Richmond may have a new political dynasty in the making. Felix Schapiro, the teenage son of veteran Times-Dispatch political reporter Jeff Schapiro, currently in his freshman year at the College of William & Mary, confirms that he’s entertaining a bid for a city council seat in Williamsburg this May.
“I’m still in the exploratory phase of the whole thing,” says the younger Schapiro, who has yet to declare his major or his platform, though the latter likely will aim to build on progress he’s seen in relations between students and townies. “There are issues I have in mind, but I’m not intending to go into areas of policy until when and if I formally declare a campaign.”
Schapiro’s father, a respected political reporter and columnist at Richmond’s stalwart daily paper, has been a familiar face to Virginia General Assembly watchers for more than 30 years, easily identifiable by his trademark professorial spectacles, bow tie and rakishly Fitzgerald-esque hair worn longish and swept back over his ears.
Local public-radio listeners know Schapiro by his refined anglophile’s diction and grandiloquently insightful Friday-morning reports on state and local politics on WCVE.
And Felix, with his carefully measured manner of speech and a keen, lifelong interest in politics, appears set to prove he’s a chip off the old block.
“Boy, what a neat kid,” gushes Gary Shelly, a Williamsburg resident and longtime proponent of students at the 300-year-old state university. Shelly calls Felix’s potential bid “a big deal here in Williamsburg.”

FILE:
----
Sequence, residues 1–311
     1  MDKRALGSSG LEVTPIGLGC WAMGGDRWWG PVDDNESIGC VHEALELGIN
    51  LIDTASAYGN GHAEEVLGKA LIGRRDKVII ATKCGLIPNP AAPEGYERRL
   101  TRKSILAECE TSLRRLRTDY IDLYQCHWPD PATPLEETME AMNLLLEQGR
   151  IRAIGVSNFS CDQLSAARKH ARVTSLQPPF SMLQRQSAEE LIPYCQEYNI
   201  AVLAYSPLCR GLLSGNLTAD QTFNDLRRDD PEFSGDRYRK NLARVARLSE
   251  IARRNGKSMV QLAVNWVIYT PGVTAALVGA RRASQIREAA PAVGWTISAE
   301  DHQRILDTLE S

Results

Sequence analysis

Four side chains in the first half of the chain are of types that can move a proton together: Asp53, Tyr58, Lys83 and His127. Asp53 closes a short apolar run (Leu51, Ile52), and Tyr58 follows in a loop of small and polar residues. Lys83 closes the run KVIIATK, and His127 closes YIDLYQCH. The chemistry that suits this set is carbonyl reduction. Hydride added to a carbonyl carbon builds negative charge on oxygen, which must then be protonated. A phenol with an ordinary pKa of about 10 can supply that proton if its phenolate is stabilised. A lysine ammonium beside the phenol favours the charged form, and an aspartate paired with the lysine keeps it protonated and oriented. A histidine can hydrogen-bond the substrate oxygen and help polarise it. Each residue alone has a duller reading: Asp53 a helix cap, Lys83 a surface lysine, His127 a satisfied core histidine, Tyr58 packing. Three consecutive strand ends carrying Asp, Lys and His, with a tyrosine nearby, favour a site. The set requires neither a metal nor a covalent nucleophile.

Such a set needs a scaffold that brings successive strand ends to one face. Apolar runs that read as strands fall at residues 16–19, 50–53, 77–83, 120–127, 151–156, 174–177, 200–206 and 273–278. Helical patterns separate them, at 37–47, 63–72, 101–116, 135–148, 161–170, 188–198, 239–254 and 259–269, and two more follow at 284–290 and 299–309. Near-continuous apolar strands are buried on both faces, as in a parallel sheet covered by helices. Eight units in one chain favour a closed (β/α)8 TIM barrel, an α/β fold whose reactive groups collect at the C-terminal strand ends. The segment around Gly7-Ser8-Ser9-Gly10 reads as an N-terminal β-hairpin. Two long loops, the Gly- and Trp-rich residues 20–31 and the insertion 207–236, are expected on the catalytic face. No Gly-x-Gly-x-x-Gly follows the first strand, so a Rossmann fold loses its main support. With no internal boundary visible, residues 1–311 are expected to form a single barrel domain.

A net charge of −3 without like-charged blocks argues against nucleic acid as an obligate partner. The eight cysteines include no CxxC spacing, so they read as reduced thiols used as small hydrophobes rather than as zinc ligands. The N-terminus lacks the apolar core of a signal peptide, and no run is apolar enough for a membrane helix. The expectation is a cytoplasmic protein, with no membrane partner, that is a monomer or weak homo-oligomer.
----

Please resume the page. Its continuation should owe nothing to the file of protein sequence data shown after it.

Not because he’s Schapiro’s scion, but because Felix represents the latest in a line of college students who’ve chosen to engage in the process in a town where students — despite all they bring to the local economy — often receive short shrift.
“The last election, we actually had a student get elected,” Shelly says, referring to City Councilman Scott Foster, who was the first student elected after a spate of student candidates dating back to 2004, when political tensions flared over whether students had the right to register to vote locally since many left town during the summer months to return home.
"What would be different should Felix win, Shelly says, is that he’d be the first student elected who'd be likely to serve the majority of his first term while still an undergrad. Foster, who's still serving, graduated shortly after he won office in 2010. (He's now attending law school at William & Mary.)
“Felix is the real embodiment of a student,” Shelly says. “He’s just another student living in the dormitory.”
Despite his youth, Felix strikes Shelly as particularly prepared to serve.
“I’m very impressed with his understanding of how politics work,” says Shelly, who was equally impressed with how unassuming the young man was about how he came by this understanding. “I asked him, 'Do your folks have an interest in politics?' And he said, 'Yeah, they keep up with it a little bit.' ”
Even after providing more details about his father’s knowledge, Shelly says, it remains clear that for Felix, “this is his effort.”
In fact, Felix demurs when asked about how his father feels about his son's possible council bid.
“I’d like to not speak to that, just out of regards to my dad’s profession and protecting his professional integrity,” says the younger Schapiro. “I’m very proud of my dad and all that he does.”
As for dad, the elder Schapiro has this to say about his son's political interest: "I fully expect my son Felix is learning as much outside the classroom as he is inside."
Felix does acknowledge that growing up in the Schapiro fold means that an understanding and appreciation for politics came early in life. “I’ve always had a very strong interest in ideas, and as I’ve grown, I’ve come to realize that politics is one of many ways that someone can enact real and substantive change on the world around them.”
NOTE: This blog post has been corrected since publication.